Good morning Insiders. Like you, it drives me crazy when fans get so riled up about “letting teams run up the score” at the end of a game the Packers have dominated. These people are not fans of football, they are merely fans of chortling. If the final score doesn’t “look” as lopsided as the game was, somehow that is a loss to these people. I feel sorry for them.

Focus on what matters. That’s it. If you want to talk about David Montgomery breaking that 57-yard run on the second play and what the Packers need to do to fix that? Totally understandable. That was a huge play. Or even the yards per play Green Bay allowed through the first 45 minutes of the game? Fine. But lamenting the fourth quarter is wasted energy.

Mike from Fort Wayne, IN

When a credentialed reporter said he won’t know about a certain play or aspect of the game until he views the “coaches’ tape,” what is on the tape that is different than fans watching it on TV?

The reporter is referring to the All-22 film that is posted on NFL Game Pass on Wednesday. It’s an aerial shot of the field, so you have a better vantage point of what the safeties are doing.

Dale from Lima, NY

Kevin Patra began an article he wrote this morning this way: “The Chicago Bears entered Sunday night hanging their hat on defense, owning the ability to shut down opponents with relative ease, giving their offense at least a chance to win games. Aaron Rodgers took that hat, ripped it to shreds, stomped on it and tossed it in a dumpster of flames.” Which gives you more satisfaction? The fact that it’s true? Or the memorable writing?

The fact the Packers saw something on tape that they felt they could exploit with balancing a steady ground-and-pound running attack with empty formations. The Bears tout a top 10 defense with playmakers who can change the complexion of a game in an instant. The Packers imposed their will on Chicago, while Rodgers was not hit a single time. I have to go back and look when was the last time that happened. It must be very long ago.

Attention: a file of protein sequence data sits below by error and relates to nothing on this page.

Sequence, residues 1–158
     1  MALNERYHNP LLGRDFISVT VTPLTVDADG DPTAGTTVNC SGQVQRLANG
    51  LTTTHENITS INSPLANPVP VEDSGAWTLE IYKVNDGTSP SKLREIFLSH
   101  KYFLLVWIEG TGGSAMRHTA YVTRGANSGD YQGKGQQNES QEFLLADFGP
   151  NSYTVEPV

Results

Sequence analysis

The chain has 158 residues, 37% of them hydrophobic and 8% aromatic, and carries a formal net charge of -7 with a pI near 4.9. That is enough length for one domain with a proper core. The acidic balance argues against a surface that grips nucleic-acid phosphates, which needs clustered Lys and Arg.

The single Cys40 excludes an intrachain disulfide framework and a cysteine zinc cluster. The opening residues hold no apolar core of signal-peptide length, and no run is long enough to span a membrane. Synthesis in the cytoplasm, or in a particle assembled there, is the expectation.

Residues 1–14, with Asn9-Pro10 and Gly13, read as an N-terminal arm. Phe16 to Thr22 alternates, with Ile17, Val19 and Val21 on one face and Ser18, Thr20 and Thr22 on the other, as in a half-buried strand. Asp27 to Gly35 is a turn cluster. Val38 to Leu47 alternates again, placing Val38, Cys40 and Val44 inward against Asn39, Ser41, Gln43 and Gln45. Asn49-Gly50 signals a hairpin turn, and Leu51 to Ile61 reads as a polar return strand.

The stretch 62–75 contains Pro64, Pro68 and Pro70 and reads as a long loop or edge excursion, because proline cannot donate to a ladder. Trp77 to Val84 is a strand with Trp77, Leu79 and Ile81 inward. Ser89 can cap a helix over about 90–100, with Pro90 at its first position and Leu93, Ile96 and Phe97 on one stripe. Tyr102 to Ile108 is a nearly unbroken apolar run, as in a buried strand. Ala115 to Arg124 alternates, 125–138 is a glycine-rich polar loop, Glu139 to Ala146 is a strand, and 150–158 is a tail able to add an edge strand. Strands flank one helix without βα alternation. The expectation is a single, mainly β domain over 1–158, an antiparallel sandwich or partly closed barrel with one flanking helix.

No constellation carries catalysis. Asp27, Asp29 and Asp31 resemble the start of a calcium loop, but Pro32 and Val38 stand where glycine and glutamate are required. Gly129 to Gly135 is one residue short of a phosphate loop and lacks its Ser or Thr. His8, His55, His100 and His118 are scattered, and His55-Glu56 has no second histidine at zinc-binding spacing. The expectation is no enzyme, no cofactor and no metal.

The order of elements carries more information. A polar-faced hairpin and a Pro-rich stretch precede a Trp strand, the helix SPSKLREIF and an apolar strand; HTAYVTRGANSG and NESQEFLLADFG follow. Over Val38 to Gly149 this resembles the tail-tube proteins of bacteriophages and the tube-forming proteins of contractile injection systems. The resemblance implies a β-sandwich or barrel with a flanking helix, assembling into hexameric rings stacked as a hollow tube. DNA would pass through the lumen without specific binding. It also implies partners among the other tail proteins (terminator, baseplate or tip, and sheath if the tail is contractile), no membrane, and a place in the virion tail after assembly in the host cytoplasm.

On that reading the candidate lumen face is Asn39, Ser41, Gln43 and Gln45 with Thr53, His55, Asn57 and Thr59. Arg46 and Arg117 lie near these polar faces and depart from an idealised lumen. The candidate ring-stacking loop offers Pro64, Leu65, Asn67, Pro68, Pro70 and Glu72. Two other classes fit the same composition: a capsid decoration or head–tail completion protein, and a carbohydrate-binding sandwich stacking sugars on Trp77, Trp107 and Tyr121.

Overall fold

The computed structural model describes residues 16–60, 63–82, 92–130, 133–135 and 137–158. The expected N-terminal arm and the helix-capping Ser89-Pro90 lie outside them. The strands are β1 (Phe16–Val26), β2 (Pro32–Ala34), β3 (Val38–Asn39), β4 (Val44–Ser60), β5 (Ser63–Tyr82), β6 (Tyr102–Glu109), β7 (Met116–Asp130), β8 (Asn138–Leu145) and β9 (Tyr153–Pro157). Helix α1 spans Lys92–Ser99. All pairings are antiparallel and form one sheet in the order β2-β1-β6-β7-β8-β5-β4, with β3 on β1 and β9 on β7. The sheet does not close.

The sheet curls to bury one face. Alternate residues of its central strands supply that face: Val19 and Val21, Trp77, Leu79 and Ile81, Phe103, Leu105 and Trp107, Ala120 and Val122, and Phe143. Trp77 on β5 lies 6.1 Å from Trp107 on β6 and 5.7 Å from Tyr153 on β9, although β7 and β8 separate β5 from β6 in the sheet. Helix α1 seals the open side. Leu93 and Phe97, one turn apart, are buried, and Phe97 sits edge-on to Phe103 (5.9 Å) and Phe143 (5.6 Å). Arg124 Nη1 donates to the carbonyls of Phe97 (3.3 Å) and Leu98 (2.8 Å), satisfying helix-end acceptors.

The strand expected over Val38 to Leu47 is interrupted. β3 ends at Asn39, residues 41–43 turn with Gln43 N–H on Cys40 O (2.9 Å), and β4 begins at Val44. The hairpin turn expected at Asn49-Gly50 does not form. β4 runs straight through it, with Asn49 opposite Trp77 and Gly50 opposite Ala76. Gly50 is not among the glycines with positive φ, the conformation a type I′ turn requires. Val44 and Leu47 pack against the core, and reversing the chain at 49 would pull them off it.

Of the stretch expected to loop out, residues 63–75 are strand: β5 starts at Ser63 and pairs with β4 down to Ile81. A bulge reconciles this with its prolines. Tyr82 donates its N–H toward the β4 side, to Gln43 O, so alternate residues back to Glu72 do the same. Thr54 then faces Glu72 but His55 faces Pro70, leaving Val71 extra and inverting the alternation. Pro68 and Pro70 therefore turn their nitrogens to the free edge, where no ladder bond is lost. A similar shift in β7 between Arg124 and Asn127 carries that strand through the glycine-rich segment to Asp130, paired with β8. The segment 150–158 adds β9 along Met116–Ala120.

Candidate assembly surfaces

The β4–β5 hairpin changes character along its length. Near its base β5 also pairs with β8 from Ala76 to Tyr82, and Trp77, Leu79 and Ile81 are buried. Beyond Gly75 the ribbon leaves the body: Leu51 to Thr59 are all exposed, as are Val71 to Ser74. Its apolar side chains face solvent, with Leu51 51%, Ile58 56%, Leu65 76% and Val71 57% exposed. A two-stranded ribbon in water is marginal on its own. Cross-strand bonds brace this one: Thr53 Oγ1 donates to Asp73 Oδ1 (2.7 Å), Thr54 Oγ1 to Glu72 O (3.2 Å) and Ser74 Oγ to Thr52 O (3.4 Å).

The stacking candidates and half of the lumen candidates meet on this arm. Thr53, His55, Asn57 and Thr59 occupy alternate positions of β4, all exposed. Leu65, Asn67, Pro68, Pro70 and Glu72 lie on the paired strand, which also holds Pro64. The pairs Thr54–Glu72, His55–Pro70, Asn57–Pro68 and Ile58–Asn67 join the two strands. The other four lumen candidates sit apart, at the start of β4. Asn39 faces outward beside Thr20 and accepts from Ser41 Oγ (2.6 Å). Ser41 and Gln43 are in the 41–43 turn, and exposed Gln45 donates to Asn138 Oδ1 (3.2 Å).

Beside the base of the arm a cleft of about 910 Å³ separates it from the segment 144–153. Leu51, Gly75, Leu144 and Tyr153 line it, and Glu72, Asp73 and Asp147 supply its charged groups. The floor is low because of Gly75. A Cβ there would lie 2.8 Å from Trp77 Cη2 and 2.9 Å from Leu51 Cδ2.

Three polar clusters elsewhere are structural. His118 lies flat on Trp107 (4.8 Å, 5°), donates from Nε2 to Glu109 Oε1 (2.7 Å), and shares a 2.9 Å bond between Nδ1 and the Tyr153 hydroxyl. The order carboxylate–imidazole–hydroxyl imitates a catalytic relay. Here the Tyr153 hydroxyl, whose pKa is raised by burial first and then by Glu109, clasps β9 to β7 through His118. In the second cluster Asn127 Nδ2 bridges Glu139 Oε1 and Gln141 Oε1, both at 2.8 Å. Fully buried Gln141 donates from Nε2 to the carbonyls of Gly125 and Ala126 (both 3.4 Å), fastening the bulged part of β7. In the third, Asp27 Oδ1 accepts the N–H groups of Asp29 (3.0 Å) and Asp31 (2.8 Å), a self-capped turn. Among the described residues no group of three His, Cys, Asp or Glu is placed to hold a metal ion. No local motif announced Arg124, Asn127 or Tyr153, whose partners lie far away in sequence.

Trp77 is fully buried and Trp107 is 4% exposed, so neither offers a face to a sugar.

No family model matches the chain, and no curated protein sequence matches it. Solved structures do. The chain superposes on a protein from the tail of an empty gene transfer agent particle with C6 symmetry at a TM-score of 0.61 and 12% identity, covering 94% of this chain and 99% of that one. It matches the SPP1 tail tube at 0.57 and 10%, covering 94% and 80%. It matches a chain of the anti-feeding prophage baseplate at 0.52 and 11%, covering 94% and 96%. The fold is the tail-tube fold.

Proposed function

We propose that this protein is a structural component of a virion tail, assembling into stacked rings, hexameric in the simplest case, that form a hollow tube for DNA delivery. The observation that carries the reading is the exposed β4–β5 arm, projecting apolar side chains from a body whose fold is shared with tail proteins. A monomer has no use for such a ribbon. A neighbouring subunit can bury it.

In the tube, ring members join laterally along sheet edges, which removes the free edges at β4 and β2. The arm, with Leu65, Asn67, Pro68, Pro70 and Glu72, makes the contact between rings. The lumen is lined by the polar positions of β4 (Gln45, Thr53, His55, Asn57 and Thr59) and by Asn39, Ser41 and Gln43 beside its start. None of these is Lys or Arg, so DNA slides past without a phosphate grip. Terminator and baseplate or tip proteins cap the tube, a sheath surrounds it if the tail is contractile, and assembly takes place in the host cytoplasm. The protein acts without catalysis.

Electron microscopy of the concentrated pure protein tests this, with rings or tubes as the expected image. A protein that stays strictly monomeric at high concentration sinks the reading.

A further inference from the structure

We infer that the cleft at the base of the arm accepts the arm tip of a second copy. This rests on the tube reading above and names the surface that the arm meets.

Mark from Charlotte, VT

Terrific outing Sunday night. Curious about one thing though…with five minutes or so to go and the game clearly in hand, any reason why they would leave 12 in? Why not protect him and give others same game experience?

LaFleur touched on this Monday. The Packers wanted to get Boyle in there but it also was a two-score game after the Bears’ successful two-point attempt. If the Packers stop them there, I’m guessing Tim Boyle comes in with 3:20 remaining in a 41-24 game.

Photos: Packers notch 100th victory over Bears on Sunday Night Football
View some of the best photos from the Sunday Night Football Packers-Bears matchup at Lambeau Field on Nov. 29, 2020.

Robert from Menasha, WI

Do you have any examples of ML deviating from the “Midwest nice guy” for a moment, and unleashing the inner fire on someone? I really like his steady and humble leadership, but also believe really good coaches (and baseball managers) need to be able to get red-faced hot and scream occasionally, at the appropriate times of course. Have I missed it with ML or perhaps it’s just forthcoming?

I don’t think that’s a problem. Just because a guy doesn’t make the SportsCenter “Top 10” for chastising an official or screaming at a player doesn’t mean he isn’t passionate. LaFleur is all the things you described. He just channels it in a productive way.

Israel from West Allis, WI

As enjoyable as the game was and as glad as I am that Savage made the plays and the defense had three, and nearly five, turnovers, I think there is a fair amount to nitpick. If Akiem Hicks is in, or if the QB doesn’t make three terrible passes, there’s a very likely chance that this game is a dead heat. The Bears’ offense looked very capable against GB other than the turnovers. They count, and I enjoyed the win, but this team could lose to the Bears in January if Hicks and Foles are in.